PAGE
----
The ability for anyone to have a thought, be able to type it up and then publish it online for the world to see for free has been equated with bringing in the same revolution as the printing press did 400 years ago. So much so that every traditional broadcast media & newspaper worth their salt has started their own blogging channels to avoid missing out on this cluetrain. Just on Dawn.com alone, one is treated to a myriad of subjects ranging from Politics, Satire, Sports, Technology, Business, Culture, Food to much much more. Politics of course is the favorite subject and one is treated to the widest range of topics from ‘Couldn’t She Find A Nice Indian Boy’ to deep philosophically inclined discussions on women’s rights and the burka. One is also treated to all the content that one would never be privy too in our traditional channels especially regarding our political leaders.  Sports too especially Cricket are the passion of the nation and nowhere is it more apparent than on the net with the keywords ‘Cricket Blog Pakistan’ resulting in 446,000 results from Pakistan alone.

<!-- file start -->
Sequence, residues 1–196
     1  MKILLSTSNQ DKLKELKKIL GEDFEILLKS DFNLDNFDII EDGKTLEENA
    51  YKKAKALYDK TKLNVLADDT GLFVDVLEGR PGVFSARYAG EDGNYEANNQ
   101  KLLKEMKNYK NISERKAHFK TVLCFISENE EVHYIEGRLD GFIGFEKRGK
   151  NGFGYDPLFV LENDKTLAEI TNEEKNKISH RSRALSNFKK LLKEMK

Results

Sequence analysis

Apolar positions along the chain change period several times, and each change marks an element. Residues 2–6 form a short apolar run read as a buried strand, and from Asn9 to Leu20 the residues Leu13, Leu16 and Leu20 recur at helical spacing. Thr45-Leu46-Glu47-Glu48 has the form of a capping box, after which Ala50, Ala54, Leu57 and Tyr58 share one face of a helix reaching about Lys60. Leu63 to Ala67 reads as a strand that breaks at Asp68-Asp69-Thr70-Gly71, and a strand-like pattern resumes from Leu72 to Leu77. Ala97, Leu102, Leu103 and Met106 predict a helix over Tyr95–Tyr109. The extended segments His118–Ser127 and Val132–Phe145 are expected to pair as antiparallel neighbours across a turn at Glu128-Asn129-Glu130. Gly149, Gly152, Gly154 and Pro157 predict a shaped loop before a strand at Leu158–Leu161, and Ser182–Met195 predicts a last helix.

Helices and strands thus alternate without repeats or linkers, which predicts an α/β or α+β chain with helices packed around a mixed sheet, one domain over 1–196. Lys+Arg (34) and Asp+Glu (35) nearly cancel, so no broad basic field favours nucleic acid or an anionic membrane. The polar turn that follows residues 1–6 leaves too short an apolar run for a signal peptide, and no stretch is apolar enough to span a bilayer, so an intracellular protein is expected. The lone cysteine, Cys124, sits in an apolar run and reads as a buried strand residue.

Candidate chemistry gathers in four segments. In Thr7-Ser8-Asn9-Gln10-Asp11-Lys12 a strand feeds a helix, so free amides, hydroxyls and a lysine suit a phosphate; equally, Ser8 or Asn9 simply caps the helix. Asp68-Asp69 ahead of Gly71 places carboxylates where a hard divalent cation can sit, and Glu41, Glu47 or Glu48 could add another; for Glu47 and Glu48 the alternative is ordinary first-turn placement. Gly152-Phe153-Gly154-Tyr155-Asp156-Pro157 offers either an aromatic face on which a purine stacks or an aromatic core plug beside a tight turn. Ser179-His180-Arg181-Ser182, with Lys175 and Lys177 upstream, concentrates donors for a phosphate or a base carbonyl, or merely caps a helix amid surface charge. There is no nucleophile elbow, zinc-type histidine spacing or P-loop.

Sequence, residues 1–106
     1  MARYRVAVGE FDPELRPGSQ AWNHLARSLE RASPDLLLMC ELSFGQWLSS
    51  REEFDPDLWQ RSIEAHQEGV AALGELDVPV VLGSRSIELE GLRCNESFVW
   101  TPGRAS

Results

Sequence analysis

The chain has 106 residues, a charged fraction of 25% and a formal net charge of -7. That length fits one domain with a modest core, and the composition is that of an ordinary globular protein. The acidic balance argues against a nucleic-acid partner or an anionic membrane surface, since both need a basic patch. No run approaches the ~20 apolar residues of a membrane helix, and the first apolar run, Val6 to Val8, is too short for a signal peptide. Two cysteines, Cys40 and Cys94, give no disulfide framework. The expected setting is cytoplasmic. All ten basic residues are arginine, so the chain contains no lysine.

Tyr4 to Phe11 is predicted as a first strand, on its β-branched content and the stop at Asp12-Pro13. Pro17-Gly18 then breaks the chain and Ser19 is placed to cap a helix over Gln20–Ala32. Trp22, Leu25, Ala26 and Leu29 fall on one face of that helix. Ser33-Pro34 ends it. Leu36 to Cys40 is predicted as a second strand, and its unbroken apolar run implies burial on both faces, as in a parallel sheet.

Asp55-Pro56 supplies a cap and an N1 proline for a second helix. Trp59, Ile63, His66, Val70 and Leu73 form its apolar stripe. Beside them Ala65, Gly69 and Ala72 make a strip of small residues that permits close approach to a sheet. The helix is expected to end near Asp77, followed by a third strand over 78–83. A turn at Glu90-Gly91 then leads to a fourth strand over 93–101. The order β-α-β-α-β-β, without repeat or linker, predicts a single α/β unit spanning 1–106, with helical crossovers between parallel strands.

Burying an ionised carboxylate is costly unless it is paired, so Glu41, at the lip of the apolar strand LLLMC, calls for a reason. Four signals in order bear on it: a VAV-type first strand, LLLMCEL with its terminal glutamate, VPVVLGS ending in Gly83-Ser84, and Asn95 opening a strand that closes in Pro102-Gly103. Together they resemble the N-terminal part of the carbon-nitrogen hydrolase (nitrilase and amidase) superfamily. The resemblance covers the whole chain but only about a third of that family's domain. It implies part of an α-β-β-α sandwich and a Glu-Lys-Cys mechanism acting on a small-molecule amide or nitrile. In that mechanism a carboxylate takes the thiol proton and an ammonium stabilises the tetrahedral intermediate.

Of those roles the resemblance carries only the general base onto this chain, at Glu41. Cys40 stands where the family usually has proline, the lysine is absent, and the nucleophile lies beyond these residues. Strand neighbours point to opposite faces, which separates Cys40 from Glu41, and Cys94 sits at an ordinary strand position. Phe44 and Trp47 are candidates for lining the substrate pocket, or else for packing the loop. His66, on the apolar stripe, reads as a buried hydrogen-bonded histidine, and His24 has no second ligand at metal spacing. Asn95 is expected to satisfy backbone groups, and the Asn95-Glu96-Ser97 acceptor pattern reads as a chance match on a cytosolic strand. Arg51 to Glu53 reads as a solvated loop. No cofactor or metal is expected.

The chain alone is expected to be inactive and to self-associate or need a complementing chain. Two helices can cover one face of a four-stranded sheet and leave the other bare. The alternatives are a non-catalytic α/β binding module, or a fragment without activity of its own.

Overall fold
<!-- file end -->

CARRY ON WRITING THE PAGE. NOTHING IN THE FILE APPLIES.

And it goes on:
The biggest benefactor of the blogging scene however has been the Citizen Journalism scene, everything from taking on the big bad corporate and their policies to exploit low waged workers and risk their lives in factories without proper precautions or rights, or to prison seriously injured workers in a hospital room to block them from the media and labor movements, action against exploitative advertising of baby milk or more minor issues like delays in payments has been documented and archived for generations to come. The citizen of Pakistan’s voice is finally being heard and it is loud and demanding remedial for the generations of anger, exploitation and squelching of our voices.